Photographing the postwar period has become a genre in itself. Representing traces of conflict, a topos known as English Aftermath Photography. The subject of Antoine Cardi is very clear: the Battle of Normandy from June to September 1944, one of the major episodes of the Second World War. Still, 1944 Paysages | Dommages escapes categorization. In these images, of war there is nothing to see.
At least for the uninformed observer: no grandiose views of the landing beaches, for example. Only an inhabitant with the memory still solidly anchored or a specialized historian will be able to decrypt at first sight the deep sense of these photographs.There is, however, a lot to watch. No fighting traces. Cities are of poor urbanism. Many neighborhoods were razed during the fighting and rebuilt in the post-war emergency. Only churches – whether rebuilt or “miraculously” escaped – mark an inscription in time. In the countryside, landscapes sometimes very beautiful, often banal.
Antoine Cardi’s photographs are frontal, rigorously done.They could be linked to the New Topographics or to the DATAR Mission. To evoke the school of Düsseldorf would be too easy. We guess that the author has never put his tripod randomly and has always chosen his framing. The Italian format of the book allows to scrutinize every detail. Here, banal shop signs or 4×3 posters saying “You are here in the heart of Normandy!” There, in a suburban area, a wall of fence whose blocks were not plastered. Clichés, like humans, are absolutely absent from1944 Paysages | Dommages. Everything is a detail in this work but their accumulation itself is a line of force. The famous Carmel of Lisieux is thus indicated only by a simple road sign.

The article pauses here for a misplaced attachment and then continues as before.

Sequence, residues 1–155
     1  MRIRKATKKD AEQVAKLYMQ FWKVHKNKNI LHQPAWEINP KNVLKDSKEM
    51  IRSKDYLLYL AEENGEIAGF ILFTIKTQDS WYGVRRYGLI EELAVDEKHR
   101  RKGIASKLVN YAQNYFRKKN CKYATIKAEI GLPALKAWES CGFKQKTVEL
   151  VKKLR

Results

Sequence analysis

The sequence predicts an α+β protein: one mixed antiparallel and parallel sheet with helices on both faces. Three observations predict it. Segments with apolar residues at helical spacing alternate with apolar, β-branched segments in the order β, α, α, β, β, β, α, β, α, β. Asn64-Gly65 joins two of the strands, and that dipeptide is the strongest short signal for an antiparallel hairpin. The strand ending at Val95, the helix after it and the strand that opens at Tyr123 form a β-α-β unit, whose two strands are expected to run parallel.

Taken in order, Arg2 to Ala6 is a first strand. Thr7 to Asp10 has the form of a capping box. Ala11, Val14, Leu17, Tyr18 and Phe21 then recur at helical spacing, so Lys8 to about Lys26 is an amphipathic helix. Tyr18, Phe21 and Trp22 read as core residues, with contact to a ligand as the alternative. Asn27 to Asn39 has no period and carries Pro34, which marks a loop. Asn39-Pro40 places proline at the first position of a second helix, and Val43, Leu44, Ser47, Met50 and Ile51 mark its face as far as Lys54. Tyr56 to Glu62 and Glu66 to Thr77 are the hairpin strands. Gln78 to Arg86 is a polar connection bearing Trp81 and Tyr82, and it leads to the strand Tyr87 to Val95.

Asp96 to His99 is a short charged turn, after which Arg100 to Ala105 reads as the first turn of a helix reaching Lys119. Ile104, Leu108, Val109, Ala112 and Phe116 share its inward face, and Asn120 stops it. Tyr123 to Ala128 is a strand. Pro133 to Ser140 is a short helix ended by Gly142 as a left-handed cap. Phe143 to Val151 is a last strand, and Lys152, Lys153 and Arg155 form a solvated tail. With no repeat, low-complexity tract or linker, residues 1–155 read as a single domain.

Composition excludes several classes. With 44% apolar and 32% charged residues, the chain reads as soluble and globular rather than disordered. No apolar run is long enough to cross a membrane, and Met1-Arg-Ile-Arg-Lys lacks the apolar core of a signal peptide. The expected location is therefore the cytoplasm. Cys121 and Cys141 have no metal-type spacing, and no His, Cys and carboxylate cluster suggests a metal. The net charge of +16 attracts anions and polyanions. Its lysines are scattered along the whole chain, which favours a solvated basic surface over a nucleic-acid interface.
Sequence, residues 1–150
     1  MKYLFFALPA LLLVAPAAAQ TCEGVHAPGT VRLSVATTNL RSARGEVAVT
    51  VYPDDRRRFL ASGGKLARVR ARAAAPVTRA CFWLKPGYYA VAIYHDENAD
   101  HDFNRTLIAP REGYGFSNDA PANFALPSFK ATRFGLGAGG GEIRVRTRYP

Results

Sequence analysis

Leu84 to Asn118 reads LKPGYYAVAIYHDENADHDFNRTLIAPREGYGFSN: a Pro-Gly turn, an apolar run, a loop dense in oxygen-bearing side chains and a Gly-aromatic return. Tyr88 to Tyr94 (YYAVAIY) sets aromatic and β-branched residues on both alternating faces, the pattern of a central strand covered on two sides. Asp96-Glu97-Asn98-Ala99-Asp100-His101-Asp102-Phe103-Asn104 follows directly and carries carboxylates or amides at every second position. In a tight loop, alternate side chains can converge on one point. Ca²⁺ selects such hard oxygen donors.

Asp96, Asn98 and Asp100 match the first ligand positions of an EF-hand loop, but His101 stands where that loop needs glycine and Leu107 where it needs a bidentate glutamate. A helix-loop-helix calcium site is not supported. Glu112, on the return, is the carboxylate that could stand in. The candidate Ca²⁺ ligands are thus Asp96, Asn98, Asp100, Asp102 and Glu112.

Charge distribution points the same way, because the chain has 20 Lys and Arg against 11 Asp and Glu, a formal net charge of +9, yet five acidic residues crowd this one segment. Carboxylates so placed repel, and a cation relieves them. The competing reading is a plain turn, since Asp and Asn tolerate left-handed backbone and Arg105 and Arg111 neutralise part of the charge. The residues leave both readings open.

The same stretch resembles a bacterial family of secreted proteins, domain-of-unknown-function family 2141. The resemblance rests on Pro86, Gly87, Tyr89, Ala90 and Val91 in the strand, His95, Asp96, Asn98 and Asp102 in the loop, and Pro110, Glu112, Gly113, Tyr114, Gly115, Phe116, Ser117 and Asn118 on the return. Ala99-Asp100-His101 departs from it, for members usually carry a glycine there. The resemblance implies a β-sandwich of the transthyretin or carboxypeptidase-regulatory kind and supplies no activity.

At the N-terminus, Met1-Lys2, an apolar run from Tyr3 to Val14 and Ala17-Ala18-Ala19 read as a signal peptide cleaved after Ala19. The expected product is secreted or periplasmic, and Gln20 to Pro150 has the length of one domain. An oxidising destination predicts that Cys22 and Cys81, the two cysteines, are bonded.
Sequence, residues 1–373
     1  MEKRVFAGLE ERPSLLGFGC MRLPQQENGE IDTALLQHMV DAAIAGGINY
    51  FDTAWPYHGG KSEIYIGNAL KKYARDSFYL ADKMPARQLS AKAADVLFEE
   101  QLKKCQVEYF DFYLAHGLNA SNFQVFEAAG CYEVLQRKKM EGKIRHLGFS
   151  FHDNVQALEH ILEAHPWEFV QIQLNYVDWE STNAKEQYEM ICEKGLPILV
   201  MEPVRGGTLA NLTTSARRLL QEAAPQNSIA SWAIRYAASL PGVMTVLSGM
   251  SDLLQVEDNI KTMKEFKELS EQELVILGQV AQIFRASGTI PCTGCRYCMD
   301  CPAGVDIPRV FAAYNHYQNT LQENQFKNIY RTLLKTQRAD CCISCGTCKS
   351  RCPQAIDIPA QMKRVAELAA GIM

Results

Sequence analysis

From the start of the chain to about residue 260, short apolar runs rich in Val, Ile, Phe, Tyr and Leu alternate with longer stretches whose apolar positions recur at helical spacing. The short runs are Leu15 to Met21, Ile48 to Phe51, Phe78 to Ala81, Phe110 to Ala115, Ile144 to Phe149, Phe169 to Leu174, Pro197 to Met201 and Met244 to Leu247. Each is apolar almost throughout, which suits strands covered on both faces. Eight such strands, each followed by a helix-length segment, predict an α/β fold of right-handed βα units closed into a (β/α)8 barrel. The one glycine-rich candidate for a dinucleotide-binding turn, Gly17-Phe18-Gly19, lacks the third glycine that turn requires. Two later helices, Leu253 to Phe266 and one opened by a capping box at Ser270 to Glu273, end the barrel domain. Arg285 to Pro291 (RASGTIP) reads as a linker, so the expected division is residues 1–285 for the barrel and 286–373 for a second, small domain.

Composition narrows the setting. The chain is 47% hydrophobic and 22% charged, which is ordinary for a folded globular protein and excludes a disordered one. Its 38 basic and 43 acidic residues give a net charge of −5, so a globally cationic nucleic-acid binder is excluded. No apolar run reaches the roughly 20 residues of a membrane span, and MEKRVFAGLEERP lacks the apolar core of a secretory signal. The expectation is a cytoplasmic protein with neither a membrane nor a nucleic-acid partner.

Where then do the warlike traces reside? In the glossy legends by their pithy precision: “Night of June 6th to 7th. Lisieux (Calvados). A bombing of the Royal Air Force shaves the city center. 700 dead. “July 25th. Beach of Deauville (Calvados). 6 Resisters are tortured and shot in front of the sea.” ” 26 July. Near Saint-Sauveur-le-Vicomte (Manche). A young woman is raped and killed by American soldiers.”
Linking texts worthy of a press agency with contemporary images to apparently banal subjects highlights the inanity of the dogma of “It has been” forcefully rejects the most reflective part of the contemporary practices of the photographic medium .
What has been? Antoine Cardi went to such a place and carefully represented what was in front of him. But he made that strong choice of knowing that photography, years away, is incapable of rendering “directly”. As in any work today that thinks of the image, Cardi demonstrates his inability to be a language or even a proof while warning the watchful observer of the multiple levels of meaning that a “simple” photograph can take.
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